Dartmouth College Graduates Its First Triplets
For the first time in the school’s 238-year history, this June Dartmouth College graduated its first set of triplets. The three graduates are African-American sisters from San Diego, California.
Ashley, Brittany, and Courtney Henry, age 21, are identical triplets. They are graduates of a Seventh Day Adventist school in California where they shared honors as valedictorians.
All three girls will return to San Diego and take a year off before beginning professional school. Ashley, a history major, is going to medical school. Brittany, who majored in religion at Dartmouth, will enter law school. Courtney graduated from Dartmouth with a degree in American history. She plans on a career in dentistry.
• Lawrence B. Harkless was named founding dean of the College of Podiatric Medicine at the Western University of Health Sciences in Pomona, California. The new college of podiatry is expected to open in 2009.
Dr. Harkless is Louis T. Bogy Professor of Podiatric Medicine and Surgery at the University of Texas Health Science Center in San Antonio. He is a graduate of the California College of Podiatric Medicine in San Francisco.
• V. Kofi Agawu is returning to a full professorship of music at Princeton University. He has served for one year as the Walter Bigelow Rosen Professor of Music and professor of African and African American studies. Previously, he taught at Princeton from 1998 to 2006.
Agawu is a native of Ghana. He is a graduate of Reading University in the United Kingdom and holds a master’s degree from King’s College London and a Ph.D. in music from Stanford University.
• Maurice Apprey, a professor of psychiatric medicine at the University of Virginia, was named dean of the university’s Office of African-American Affairs. Dr. Apprey has served on the University of Virginia faculty since 1980.
A graduate of the College of Emporia in Kansas, he holds two Ph.D.s, one from the Saybrook Institute and Research Center in San Francisco, and the other from the Weatherhead School of Management at Case Western Reserve University in Cleveland.
• Sharon Nyota Tucker, an associate professor of political science at Albany State University, was named legal counsel for the university. A graduate of Howard University, Tucker was the first African-American woman to earn a law degree at the University of Georgia. She has been on the faculty at Albany State University for the past 26 years.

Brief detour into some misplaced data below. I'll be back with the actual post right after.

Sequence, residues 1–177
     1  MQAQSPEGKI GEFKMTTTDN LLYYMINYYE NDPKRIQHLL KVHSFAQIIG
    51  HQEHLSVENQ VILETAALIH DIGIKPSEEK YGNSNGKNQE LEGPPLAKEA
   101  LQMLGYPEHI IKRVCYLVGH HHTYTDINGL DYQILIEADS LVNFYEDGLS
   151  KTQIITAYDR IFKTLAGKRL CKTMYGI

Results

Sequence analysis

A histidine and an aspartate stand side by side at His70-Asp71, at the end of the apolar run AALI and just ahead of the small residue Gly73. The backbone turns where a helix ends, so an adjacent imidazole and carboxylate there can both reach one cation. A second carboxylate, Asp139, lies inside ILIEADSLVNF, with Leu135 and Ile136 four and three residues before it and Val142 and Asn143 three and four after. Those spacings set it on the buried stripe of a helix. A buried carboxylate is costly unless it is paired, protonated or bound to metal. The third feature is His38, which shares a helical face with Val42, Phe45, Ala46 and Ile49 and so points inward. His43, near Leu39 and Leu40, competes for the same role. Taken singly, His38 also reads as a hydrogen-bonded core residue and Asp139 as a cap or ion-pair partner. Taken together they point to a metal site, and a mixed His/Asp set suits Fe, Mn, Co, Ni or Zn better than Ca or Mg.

• Garnesha Beck was named director of the AmeriCorps VISTA service at the University of Texas at Tyler. Beck is a graduate of Grambling State University in Louisiana and holds an MBA from the University of Dallas.
The Socioeconomic Background of Black Students at Selective Colleges
A study authored by Professors Douglas S. Massey, Margarita Mooney, and Kimberly C. Torres of Princeton University and Camille Z. Charles of the University of Pennsylvania, which appears in a recent edition of the American Journal of Education, has analyzed the family backgrounds of the black students who enrolled at 28 selective colleges and universities. The results showed that the vast majority of black students at these selective colleges are not from low-income, inner-city, or rural black belt families. In fact, for native-born black students at these 28 selective colleges and universities, a remarkable 55.2 percent of their fathers are college graduates and 25 percent of their fathers hold a graduate degree. Fifty-seven percent of these students at selective colleges have mothers who had completed college and 26 percent have mothers who hold a graduate degree. These percentages are about triple the national average for all African Americans.
Furthermore, for native-born black students at these 28 selective institutions, 74 percent owned their home compared to less than half of all black families nationwide. The median value of the homes of these black students was nearly $200,000.
More than one quarter of the native-born black students at these selective colleges and universities come from families with annual incomes over $100,000. Nationwide, only 7 percent of all black households have incomes of more than $100,000.
Twenty-seven percent of the black students at these selective colleges and universities were graduates of private high schools. This is a level very similar to that of white students at these selective colleges and universities.
University Researchers Find No Link Between the Use of Hair Relaxers and the Incidence of Breast Cancer in Black Women